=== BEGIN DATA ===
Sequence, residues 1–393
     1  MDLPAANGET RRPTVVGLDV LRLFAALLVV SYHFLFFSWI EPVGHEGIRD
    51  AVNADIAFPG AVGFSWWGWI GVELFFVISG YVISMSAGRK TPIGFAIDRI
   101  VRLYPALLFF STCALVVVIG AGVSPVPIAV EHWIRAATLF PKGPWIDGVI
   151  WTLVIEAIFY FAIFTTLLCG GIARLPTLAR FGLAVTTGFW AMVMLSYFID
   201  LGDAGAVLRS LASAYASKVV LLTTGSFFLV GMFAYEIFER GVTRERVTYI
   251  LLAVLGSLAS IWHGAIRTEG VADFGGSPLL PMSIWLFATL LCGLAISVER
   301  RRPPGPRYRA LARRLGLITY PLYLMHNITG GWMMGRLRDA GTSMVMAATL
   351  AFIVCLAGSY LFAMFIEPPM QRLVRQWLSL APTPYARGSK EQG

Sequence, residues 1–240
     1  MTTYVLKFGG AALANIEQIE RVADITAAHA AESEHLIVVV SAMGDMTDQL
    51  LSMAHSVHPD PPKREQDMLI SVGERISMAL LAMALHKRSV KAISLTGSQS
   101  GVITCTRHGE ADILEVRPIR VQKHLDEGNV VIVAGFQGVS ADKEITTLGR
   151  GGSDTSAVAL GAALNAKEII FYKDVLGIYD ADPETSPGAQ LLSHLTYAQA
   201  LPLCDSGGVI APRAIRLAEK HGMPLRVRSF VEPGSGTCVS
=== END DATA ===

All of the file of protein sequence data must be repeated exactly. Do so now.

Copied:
Sequence, residues 1–393
     1  MDLPAANGET RRPTVVGLDV LRLFAALLVV SYHFLFFSWI EPVGHEGIRD
    51  AVNADIAFPG AVGFSWWGWI GVELFFVISG YVISMSAGRK TPIGFAIDRI
   101  VRLYPALLFF STCALVVVIG AGVSPVPIAV EHWIRAATLF PKGPWIDGVI
   151  WTLVIEAIFY FAIFTTLLCG GIARLPTLAR FGLAVTTGFW AMVMLSYFID
   201  LGDAGAVLRS LASAYASKVV LLTTGSFFLV GMFAYEIFER GVTRERVTYI
   251  LLAVLGSLAS IWHGAIRTEG VADFGGSPLL PMSIWLFATL LCGLAISVER
   301  RRPPGPRYRA LARRLGLITY PLYLMHNITG GWMMGRLRDA GTSMVMAATL
   351  AFIVCLAGSY LFAMFIEPPM QRLVRQWLSL APTPYARGSK EQG

Sequence, residues 1–240
     1  MTTYVLKFGG AALANIEQIE RVADITAAHA AESEHLIVVV SAMGDMTDQL
    51  LSMAHSVHPD PPKREQDMLI SVGERISMAL LAMALHKRSV KAISLTGSQS
   101  GVITCTRHGE ADILEVRPIR VQKHLDEGNV VIVAGFQGVS ADKEITTLGR
   151  GGSDTSAVAL GAALNAKEII FYKDVLGIYD ADPETSPGAQ LLSHLTYAQA
   201  LPLCDSGGVI APRAIRLAEK HGMPLRVRSF VEPGSGTCVS